The 2015 guidance sets the expectation that face to face meetings for the purpose of considering evidence will be the new norm.
The Welsh Government is currently asking for views on new draft elective home education guidance.
The consultation runs until July 3rd 2015.
The new guidance is intended to replace the 2006 Guidelines.
4. Reviewing provision, draft guidance 2015
“As has been highlighted in Chapter 2, local authorities have a legal duty to establish the identities of children who are not registered at school and not receiving a suitable education. Home educating parents should therefore be encouraged to take up the offer of advice and support from the local authority. It is recommended that an initial meeting take place with families to discuss their provision and any advice and support needs they may have. Meetings should take place at mutually acceptable locations.
“Draft guidance 2015 Thereafter, it is recommended that the local authority should seek to make contact with home educating families on at least an annual basis. These meetings should be seen as an opportunity to provide information and support to home educating families, to listen and respond to any concerns that they may have, as well as considering evidence that a suitable education is being delivered. Evidence may be in the form of specific examples of learning e.g. pictures/ paintings/ models, diaries of educational activity, projects, assessments, samples of work, books, educational visits etc. Contact should normally be made in writing and should seek a meeting or request an updated report. The local authority should prepare a report after such contact and be copied to the family stating whether the local authority has any concerns about the education provision. The report should detail any recommendations made by the local authority, and any actions to be taken by the local authority on behalf of the parents. Any telephone communication should be followed up with a written confirmation of what has been discussed and agreed. The views of home educated children and young people regarding the education they are receiving, their preferences, aspirations and ambitions should be discussed in these meetings.”
The 2015 guidance also directs that the authority should ‘check evidence like study diaries or samples of work’ and talk directly to children about their home education.
“2015 guidance children’s version ” Local authorities should have a first meeting with families to discuss what they’re planning and the support they think they need; meet once a year to share information, listen to concerns and check evidence like study diaries or samples of work; listen to the views of children and young people about their education”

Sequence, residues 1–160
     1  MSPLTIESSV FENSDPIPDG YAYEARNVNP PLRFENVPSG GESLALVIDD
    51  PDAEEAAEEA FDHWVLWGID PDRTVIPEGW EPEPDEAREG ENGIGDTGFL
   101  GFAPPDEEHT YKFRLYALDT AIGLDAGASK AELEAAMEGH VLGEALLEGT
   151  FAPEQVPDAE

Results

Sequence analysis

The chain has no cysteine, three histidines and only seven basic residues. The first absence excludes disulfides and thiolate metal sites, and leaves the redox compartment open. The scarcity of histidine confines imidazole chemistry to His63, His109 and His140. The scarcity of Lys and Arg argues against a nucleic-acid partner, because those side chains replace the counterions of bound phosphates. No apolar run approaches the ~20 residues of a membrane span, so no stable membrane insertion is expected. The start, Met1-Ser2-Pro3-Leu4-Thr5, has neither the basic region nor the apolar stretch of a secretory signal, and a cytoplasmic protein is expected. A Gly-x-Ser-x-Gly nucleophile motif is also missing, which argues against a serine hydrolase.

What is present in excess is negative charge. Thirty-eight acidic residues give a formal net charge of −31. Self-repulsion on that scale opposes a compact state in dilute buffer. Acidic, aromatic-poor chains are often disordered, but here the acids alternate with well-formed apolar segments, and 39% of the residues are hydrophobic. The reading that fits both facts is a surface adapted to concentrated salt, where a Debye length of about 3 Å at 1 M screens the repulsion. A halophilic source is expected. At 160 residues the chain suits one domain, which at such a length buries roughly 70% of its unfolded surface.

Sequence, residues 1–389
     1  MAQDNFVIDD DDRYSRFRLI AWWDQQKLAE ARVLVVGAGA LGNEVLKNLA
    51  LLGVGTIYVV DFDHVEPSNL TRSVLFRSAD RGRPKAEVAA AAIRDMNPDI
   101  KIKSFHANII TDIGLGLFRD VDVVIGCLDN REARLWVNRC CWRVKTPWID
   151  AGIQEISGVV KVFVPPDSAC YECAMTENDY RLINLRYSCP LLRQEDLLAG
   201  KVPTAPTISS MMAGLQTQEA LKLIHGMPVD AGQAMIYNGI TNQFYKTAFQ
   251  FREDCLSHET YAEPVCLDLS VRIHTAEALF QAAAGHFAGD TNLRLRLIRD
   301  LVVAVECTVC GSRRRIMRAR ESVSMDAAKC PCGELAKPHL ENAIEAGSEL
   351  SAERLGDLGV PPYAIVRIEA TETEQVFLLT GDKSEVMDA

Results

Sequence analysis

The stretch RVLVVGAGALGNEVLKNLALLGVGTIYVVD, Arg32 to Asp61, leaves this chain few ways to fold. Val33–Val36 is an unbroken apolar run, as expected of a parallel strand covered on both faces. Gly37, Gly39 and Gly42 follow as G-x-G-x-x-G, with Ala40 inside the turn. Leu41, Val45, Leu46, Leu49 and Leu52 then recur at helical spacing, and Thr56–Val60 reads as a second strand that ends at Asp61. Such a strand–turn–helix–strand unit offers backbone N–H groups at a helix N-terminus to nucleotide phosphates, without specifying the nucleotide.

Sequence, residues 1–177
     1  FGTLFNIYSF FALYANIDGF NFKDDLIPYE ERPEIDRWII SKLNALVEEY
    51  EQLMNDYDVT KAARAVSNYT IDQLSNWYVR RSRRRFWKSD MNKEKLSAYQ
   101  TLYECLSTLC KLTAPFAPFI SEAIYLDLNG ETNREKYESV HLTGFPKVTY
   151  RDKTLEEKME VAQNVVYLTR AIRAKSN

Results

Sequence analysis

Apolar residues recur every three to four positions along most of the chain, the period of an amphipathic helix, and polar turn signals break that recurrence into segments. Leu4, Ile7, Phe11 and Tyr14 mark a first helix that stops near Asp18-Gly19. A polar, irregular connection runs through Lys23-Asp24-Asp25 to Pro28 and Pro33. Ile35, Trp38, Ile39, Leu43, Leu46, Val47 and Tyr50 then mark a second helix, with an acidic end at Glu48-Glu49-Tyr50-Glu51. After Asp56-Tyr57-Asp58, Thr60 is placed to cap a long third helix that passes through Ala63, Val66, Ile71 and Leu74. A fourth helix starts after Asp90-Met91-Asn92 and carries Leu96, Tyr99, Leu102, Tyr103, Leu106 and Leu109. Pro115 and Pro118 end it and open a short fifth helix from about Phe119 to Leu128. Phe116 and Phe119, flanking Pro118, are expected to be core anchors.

The 2006 Guidelines talk about ‘initial contact’ and making contact on an annual basis. ‘Contact’ is interpreted as being about much more than face to face meetings; the 2006 Guidelines say that the authority ‘may invite the parents to meet’ and refers to ‘a meeting or otherwise’ and ‘initial meetings or other forms of discussion’ adding ‘if meeting in person is not possible LEAs should endeavour to provide the same information through the post.’
Crucially, the 2006 Guidelines state that there is no requirement for the authority actively to investigate parents’ provision or undertake regular monitoring.
“2006 Guidelines 2.7 Otherwise, the LEA should assume that efficient educational provision is taking place, which is suitable for the child, unless there is evidence to the contrary. There is no express requirement in the 1996 Act for LEAs to investigate actively whether parents are complying with their duties under Section 7.”
“2006 Guidelines 3.8 There is no legal framework for the LEA to regularly monitor provision of home education, however such an arrangement is likely to help the LEA to fulfil their duties and can help provide new information and support to parents. The frequency with which an authority will contact parents to discuss their ongoing home education provision will vary depending on the individual circumstances of each family.”
“2006 Guidelines 3.12 The authority does not however have the right to insist on seeing education in the home and some parents may not feel comfortable in allowing an education officer access to their child or family home. Trusting relationships may need time to develop before a parent is happy to invite an authority officer to visit. However, where a parent elects not to allow access to their home or their child, this does not of itself constitute a ground for concern about the education provision. [my emphasis]
“2006 Guidelines 3.13 Where LEAs are not able to visit homes they should, in the vast majority of cases, be able to discuss and evaluate the parents’ educational provision by alternative means. Parents might prefer, for example, to write a report, provide samples of work, have their educational provision endorsed by a third party, meet at another venue such as a library or café or provide evidence in some other appropriate form.”